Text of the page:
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ICT now crucial to public service delivery

Government ICT has a key role to play in the delivery of public services, especially in light of the government's 'Big Society' plan.

Much has been said about the government's 'Big Society' policy in recent weeks, with opinion seemingly divided about the coalition's approach to public sector reform. The government has outlined its vision to empower local communities and give power back to the UK population, but how it goes about achieving this aim during difficult economic times is up for debate. What is clear is that the Con-Lib alliance must make use of every available resource as it bids to reduce public spending and increase efficiency, without alienating the electorate. And according to the National Audit Office (NAO), ICT has a valuable role to play in the pursuit of these goals.

In a recent report, the watchdog claimed that stronger information strategies and increased government transparency will be needed if the public is to buy into the 'Big Society' plan. It claims a duty will be placed on all public sector organisations to publish data, something which could potentially place greater strains on existing government ICT infrastructure. The government will face a number of challenges, the NAO stated, including providing access to data affordably using common standards, balancing openness with security, ensuring the quality of data – in order to avoid scandal or political embarrassment at a later stage – and releasing information in a timely manner.
The NAO report expressed the view that if these aims are to be achieved, new IT management approaches may be required. It said that while databases and transactional systems are crucial to the delivery of public services, the government has historically struggled to keep costs under control. And in the current environment, particularly with the public demanding greater transparency – and budget waste reduction – this is problematic.

Amyas Morse, head of the NAO, noted that government is knowledge intensive, and effective information and sound ICT strategies go hand in hand. As such, the government has the opportunity to use technology to achieve two important aims. "We will take a strong interest in future in how government is making the most of ICT to secure efficiencies and make possible new ways of delivering public services," Mr Morse commented. "At the same time, we will be looking at the steps being taken by government to rationalise its ICT, to achieve short-term cost savings."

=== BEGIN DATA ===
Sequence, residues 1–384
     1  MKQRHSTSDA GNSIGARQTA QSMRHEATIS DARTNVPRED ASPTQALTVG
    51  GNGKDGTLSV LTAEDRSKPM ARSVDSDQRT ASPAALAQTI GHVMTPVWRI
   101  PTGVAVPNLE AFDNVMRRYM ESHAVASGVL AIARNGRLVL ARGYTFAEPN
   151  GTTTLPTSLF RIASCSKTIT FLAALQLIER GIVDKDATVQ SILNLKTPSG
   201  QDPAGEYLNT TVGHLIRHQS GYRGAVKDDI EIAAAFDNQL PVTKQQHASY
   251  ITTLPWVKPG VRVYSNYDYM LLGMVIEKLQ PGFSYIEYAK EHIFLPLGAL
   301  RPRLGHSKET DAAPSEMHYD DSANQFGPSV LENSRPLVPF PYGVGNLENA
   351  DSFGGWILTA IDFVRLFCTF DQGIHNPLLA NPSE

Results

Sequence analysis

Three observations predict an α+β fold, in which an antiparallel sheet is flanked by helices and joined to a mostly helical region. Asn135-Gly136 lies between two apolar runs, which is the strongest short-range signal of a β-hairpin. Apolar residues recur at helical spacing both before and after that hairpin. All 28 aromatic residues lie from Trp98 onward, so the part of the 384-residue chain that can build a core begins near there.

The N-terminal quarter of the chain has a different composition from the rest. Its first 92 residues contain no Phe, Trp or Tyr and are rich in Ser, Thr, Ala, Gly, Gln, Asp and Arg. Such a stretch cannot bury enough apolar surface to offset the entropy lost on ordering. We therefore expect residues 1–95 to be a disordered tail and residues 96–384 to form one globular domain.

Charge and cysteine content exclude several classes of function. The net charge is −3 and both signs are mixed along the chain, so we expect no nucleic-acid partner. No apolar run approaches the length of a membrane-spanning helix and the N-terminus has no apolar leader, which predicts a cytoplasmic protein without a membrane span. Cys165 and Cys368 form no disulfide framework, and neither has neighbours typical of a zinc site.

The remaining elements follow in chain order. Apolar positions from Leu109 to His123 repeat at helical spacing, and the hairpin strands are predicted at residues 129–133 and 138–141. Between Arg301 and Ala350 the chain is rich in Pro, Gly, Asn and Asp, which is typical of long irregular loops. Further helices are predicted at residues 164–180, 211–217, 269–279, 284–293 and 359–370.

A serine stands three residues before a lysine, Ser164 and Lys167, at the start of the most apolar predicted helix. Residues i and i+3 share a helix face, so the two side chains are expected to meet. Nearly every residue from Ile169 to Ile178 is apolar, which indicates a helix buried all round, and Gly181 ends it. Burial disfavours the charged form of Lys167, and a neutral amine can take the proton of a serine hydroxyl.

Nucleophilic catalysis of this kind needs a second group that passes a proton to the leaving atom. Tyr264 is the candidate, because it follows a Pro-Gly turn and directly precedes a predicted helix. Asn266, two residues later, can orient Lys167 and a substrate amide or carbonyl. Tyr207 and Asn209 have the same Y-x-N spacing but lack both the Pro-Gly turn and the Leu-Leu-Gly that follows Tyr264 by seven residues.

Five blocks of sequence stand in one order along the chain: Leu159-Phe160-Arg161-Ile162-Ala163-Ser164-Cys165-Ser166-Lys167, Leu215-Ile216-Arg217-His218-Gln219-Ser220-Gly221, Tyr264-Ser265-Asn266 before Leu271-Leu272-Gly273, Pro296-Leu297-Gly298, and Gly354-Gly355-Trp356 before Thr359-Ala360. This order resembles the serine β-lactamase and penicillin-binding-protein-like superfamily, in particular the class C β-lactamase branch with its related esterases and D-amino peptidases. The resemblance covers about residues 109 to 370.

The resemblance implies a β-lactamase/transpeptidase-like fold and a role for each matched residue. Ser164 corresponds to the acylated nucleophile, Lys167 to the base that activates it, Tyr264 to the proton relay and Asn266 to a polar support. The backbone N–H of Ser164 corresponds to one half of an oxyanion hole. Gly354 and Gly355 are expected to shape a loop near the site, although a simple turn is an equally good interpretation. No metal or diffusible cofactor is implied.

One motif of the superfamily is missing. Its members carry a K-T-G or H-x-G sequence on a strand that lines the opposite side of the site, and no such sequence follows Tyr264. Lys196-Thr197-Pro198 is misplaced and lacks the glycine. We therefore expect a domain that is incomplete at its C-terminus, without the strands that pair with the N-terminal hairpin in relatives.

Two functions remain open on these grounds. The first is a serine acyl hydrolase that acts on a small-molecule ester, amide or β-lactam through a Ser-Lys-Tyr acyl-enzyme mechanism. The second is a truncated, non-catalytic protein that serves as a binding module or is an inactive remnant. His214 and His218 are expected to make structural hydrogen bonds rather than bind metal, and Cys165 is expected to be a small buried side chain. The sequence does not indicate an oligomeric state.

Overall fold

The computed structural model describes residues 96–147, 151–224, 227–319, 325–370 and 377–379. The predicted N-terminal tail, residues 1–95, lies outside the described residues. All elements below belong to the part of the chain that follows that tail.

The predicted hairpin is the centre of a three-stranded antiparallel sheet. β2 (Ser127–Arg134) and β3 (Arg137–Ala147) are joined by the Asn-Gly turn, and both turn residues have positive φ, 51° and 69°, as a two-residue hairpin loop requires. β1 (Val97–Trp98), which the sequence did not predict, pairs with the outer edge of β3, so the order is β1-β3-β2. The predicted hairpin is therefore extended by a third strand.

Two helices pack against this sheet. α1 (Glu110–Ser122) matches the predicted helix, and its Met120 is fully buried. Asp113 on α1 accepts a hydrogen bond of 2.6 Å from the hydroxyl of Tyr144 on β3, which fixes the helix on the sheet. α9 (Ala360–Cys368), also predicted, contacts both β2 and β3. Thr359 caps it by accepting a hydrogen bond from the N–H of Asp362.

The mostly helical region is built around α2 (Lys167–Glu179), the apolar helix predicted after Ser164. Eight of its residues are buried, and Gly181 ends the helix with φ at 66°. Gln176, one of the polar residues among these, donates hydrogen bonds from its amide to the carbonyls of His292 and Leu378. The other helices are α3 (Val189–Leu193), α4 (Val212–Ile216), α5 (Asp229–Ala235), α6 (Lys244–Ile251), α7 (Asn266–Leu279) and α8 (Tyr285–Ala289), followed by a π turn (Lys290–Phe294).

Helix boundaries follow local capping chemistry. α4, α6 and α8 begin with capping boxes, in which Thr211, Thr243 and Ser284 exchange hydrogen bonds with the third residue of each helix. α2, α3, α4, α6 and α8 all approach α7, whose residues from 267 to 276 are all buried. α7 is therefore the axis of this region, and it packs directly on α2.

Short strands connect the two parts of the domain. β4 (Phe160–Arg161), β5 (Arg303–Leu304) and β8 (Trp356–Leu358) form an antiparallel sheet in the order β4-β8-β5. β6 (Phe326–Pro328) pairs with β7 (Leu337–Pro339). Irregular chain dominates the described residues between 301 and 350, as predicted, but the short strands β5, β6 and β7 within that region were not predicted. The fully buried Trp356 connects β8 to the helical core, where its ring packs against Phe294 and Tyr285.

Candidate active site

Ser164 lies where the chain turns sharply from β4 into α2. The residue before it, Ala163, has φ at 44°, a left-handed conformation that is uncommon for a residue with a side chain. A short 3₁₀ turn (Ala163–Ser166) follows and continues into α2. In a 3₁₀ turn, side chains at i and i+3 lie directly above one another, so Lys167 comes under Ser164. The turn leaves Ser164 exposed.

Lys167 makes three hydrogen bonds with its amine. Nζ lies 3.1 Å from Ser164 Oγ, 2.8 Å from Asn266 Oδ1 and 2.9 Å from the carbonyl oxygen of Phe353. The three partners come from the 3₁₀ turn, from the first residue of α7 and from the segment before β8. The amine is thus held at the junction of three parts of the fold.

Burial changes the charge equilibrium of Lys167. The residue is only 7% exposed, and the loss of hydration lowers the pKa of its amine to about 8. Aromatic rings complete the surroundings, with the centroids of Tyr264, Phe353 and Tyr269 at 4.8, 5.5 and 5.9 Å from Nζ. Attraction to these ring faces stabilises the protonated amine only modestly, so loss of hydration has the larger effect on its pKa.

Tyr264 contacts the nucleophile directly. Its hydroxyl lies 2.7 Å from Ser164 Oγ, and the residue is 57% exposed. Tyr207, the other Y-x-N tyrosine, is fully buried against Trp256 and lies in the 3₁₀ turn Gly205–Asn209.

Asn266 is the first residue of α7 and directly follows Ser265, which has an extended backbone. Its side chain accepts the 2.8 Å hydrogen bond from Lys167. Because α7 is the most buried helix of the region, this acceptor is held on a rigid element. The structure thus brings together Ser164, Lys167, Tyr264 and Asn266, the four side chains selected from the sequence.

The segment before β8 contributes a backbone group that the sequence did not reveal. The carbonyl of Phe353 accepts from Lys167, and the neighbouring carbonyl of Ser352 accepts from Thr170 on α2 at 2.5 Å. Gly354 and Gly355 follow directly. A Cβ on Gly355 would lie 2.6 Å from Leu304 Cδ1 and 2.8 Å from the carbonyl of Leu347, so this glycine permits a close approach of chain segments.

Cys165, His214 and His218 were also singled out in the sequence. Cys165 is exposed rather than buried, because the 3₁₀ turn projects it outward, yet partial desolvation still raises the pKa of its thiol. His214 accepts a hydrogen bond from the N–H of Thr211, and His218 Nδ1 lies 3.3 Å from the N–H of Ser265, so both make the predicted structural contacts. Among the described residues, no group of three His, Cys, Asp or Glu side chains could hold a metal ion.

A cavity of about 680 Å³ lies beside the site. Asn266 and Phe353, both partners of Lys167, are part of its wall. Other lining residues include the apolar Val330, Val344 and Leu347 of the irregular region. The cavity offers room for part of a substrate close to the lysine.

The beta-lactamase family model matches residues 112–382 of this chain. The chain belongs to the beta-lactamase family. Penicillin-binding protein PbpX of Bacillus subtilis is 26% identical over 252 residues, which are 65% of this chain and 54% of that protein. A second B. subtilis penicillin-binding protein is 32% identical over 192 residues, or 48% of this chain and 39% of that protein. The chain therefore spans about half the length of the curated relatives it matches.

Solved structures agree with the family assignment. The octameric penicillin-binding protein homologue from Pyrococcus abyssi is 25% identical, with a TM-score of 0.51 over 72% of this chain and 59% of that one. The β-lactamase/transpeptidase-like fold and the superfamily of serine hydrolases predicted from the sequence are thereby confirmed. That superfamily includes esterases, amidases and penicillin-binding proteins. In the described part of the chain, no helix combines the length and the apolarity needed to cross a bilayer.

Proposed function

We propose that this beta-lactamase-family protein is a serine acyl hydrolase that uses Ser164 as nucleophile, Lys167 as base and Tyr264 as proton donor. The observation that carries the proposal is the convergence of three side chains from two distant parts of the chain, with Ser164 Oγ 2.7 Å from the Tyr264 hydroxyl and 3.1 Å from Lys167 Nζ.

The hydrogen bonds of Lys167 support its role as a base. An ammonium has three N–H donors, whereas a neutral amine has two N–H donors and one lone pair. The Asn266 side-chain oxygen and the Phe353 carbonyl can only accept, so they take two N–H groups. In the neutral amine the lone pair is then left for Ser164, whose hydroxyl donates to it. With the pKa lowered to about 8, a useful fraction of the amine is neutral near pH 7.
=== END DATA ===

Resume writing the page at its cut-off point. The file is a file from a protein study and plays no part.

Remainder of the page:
Responding to the report, Emma Watkins, head of public services policy at the Confederation of British Industry, said there are "many good examples" of how technology is already improving public service delivery in the UK. She cited the example of giving midwives handheld devices so they can access patient records on the move, which has increased efficiency within the NHS. As a further instance, Ms Watkins pointed to the installation emergency alarms in the homes of older people, which allow them to live independently for longer. "Making better use of information technology could boost the efficiency of our public services, while reaping big savings for taxpayers," she commented, adding that "it is right to focus on getting value for money".

Given the vast scale of government ICT projects, flexibility may not always feature at the top of the agenda when implementing such initatives. As such, it can be difficult for the public sector to keep up with private sector innovation and IT adoption, and make full use of the latest tools as they come to market. With public IT budgets hit to the tune of £95 million as part of the chancellor's austerity measures, a full infrastructure overhaul is unlikely any time soon. But the government is sure to consider the NAO's view on the role IT can play in improving public service delivery in the information age, as the public seeks to scrutinise government activity to a greater extent, and ministers seek to allay their concerns.